MGB study finds majority of COVID-19 patients died in hospital
During the spring, less than 5 percent of Mass General Brigham patients diagnosed with COVID-19 died at home, highlighting the importance of planning ahead for end-of-life care
There have been over 280,000 deaths in the United States due to COVID-19, with the infectious nature of the disease preventing many patients from receiving end-of-life care at home. Researchers from Brigham and Women’s Hospital and collaborators found that 95.5 percent of individuals who died with a diagnosis of COVID-19 in the Mass General Brigham health system between February 18 and May 18, 2020 did so in the hospital. To better characterize the intensity of end-of-life care and promote discussions about at-home care, the researchers analyzed specific death settings, determining that roughly 40 percent of hospital deaths occurred in the intensive care unit. Findings were published as a letter to the editor in the Journal of Palliative Medicine.
“Surveys have shown that most patients prefer to die at home, but there is also an ongoing debate about whether that is the best option for patients when resources for at-home care are limited,” said corresponding author Isaac Chua, MD, MPH, of the Division of General Internal Medicine and Primary Care at the Brigham. “The purpose of this study was to open up a larger conversation about whether we need to provide more advanced care at home, so that if patients want to die at home, they would have that option.”
The researchers state that the large percentage of patients that died in the intensive care unit (ICU) suggests that end-of-life care was intense for the plurality of those who died in the hospital. Roughly a third of the other deaths occurred in the general ward, and less than one fifth (17.8 percent) occurred in an inpatient palliative care unit. Based on the overwhelming number of patients who died in the hospital and ICU, it is likely that most patients who expressed a desire to die at home were unable to do so.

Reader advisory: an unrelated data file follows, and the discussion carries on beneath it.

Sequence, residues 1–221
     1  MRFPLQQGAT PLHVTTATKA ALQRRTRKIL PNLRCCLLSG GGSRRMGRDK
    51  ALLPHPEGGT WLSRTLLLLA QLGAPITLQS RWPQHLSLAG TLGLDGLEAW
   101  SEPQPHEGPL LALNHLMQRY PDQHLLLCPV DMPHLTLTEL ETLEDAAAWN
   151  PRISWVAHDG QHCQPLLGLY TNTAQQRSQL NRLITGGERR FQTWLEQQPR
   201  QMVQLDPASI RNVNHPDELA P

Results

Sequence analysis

While the study population only included 16 patients who died outside of the hospital, making observations about this group hard to generalize, two patterns emerged. First, more than 93 percent of the patients who died outside of the hospital were white, whereas white individuals accounted for only about 61 percent of those who died in the hospital. Secondly, the population was on average older, with a median age of 91.2, compared to 77.8 among those who died in hospital.
Chua hypothesizes that the higher median age among those who died outside the hospital possibly reflects that older adults may have been more prepared to make end-of-life decisions, facilitating earlier plans for a safe discharge to the home while minimizing risk of infecting other household members. In contrast, a younger patient may have been more likely to continue to pursue hospital-based care.
“Most COVID-19 patients likely have not been thinking about their own mortality, and so they may be undecided about what they want,” Chua said. “There’s a lot of uncertainty and a lot of stress.”
Clinicians face uncertainty as well. “Especially at the beginning of the pandemic, the prognostic factors for good and bad outcomes were unknown,” Chua said. “It’s hard to create a pathway for sound end-of-life care because of how novel this virus is, how little we know about it, and how hard it is to plan ahead.”
Notably, 61 percent of the COVID-19 patients received a form of sub-specialty palliative care, which Chua says is a positive finding reflective of MGB institutions’ commitment to implement palliative care services amidst the COVID-19 crisis. Still, patient preferences surrounding end-of-life care for COVID-19 remain understudied, and hospital systems are still exploring ways to provide patient-centered care at home for acute and subacute illnesses.
“Our health care system needs to be thoughtful about different patient trajectories, and patients should really think through what they would want, too,” Chua said. “Even if one isn’t anticipating a poor outcome, being able to have these difficult conversations early on in a hospitalization enables the hospital team to figure out what it can do to plan ahead and be as patient-centered as possible, coordinating resources to align care with patient priorities.”
There was no dedicated funding organization for this study.
Paper cited: Chua, IS et al. “Place of Death and End-of-Life Care Utilization among COVID-19 Decedents in a Massachusetts Health Care System” Journal of Palliative Medicine DOI: 10.1089/jpm.2020.0674
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